While volume activation is a process that many have utilized over the years, today's post offers guidance to help you ensure that all your devices have been properly activated regardless of their connection to your organization's network.
First, a refresher. Volume activation enables a wide range of Windows devices to receive a volume license and be activated automatically and en masse versus tediously entering an activation key on each Windows device manually.
The most common methods of volume activation require that devices to be connected to an organization's network or connected via virtual private network (VPN) to “check in” from time to time with the organization’s activation service to maintain their licenses. When people work from home and off the corporate or school network; however, their devices’ ability to receive or maintain activation is limited.
There are several methods to activate devices via volume licensing. For detailed information, see Plan for volume activation. Here, however, is a summary for easy reference.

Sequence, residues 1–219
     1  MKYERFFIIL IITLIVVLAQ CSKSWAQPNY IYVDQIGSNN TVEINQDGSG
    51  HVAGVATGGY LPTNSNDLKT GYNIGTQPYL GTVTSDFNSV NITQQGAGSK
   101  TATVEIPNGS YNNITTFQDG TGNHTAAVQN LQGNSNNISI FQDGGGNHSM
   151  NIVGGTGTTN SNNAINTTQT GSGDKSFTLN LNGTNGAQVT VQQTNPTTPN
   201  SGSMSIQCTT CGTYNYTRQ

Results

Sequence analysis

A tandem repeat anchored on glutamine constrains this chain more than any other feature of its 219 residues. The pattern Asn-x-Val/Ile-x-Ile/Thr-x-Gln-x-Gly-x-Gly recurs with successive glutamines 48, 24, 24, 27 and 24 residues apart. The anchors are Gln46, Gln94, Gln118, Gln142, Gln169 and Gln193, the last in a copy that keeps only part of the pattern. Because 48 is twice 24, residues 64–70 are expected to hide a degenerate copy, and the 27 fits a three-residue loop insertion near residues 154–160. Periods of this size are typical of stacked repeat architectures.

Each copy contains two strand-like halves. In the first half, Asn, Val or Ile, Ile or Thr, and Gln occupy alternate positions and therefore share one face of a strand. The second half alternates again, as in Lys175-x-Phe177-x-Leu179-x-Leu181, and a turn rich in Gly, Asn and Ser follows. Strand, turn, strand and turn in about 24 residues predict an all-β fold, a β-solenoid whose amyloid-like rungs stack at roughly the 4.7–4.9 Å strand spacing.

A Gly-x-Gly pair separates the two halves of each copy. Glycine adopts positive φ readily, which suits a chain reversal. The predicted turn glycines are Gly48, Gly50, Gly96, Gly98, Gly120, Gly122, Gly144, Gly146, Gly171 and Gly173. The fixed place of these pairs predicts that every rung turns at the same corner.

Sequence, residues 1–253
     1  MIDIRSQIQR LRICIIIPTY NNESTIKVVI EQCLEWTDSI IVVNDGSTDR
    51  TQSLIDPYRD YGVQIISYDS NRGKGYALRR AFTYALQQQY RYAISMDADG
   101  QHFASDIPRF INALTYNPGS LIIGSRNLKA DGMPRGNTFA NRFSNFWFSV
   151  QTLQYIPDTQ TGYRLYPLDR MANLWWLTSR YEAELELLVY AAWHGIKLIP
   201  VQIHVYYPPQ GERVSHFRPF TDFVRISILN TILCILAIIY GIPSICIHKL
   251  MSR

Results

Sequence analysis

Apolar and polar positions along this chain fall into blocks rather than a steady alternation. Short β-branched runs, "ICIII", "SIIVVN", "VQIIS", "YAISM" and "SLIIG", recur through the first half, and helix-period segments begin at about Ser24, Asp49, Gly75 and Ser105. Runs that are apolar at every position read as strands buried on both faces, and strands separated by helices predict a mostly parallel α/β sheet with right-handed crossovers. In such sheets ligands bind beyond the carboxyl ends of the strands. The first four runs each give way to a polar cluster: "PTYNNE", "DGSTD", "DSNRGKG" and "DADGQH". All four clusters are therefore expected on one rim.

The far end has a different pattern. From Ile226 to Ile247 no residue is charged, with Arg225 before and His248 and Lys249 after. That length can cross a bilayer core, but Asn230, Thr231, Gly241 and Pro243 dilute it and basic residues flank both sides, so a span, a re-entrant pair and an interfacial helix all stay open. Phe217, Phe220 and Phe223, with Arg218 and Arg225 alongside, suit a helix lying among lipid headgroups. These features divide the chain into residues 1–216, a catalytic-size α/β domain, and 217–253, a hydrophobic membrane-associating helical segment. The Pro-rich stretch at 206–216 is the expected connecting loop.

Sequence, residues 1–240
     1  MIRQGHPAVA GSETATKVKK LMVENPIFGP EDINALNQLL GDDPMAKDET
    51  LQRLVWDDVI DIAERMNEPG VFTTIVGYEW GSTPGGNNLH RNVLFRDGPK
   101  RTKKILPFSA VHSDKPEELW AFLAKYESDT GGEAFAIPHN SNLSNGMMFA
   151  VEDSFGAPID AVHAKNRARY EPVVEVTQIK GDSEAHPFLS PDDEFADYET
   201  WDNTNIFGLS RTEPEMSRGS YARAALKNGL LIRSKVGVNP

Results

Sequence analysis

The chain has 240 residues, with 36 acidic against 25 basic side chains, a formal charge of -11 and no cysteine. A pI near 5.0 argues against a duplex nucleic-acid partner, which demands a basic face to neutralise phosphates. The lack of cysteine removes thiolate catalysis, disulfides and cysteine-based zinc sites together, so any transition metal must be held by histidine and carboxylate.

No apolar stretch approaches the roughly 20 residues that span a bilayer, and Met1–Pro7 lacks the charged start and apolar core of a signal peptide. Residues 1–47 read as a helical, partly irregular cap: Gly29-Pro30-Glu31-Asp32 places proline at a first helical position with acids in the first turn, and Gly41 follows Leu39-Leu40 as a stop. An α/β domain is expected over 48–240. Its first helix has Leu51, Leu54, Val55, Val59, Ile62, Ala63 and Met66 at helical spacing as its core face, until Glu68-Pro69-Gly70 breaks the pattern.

Key Management Service (KMS) activation requires TCP/IP connectivity to, and accessibility from, an organization’s private network so that licenses are not accessible to anyone outside of the organization. By default, KMS hosts and clients use DNS to publish and find the KMS key. Default settings can be used, which require little or no administrative action, or KMS hosts and client computers can be manually configured based on network configuration and security requirements.
KMS activations are valid for 180 days (the activation validity interval). KMS client computers must renew their activation by connecting to the KMS host at least once every 180 days. By default, KMS client computers attempt to renew their activation every 7 days. If KMS activation fails, the client computer retries to reach the host every two hours. After a client computer’s activation is renewed, the activation validity interval begins again.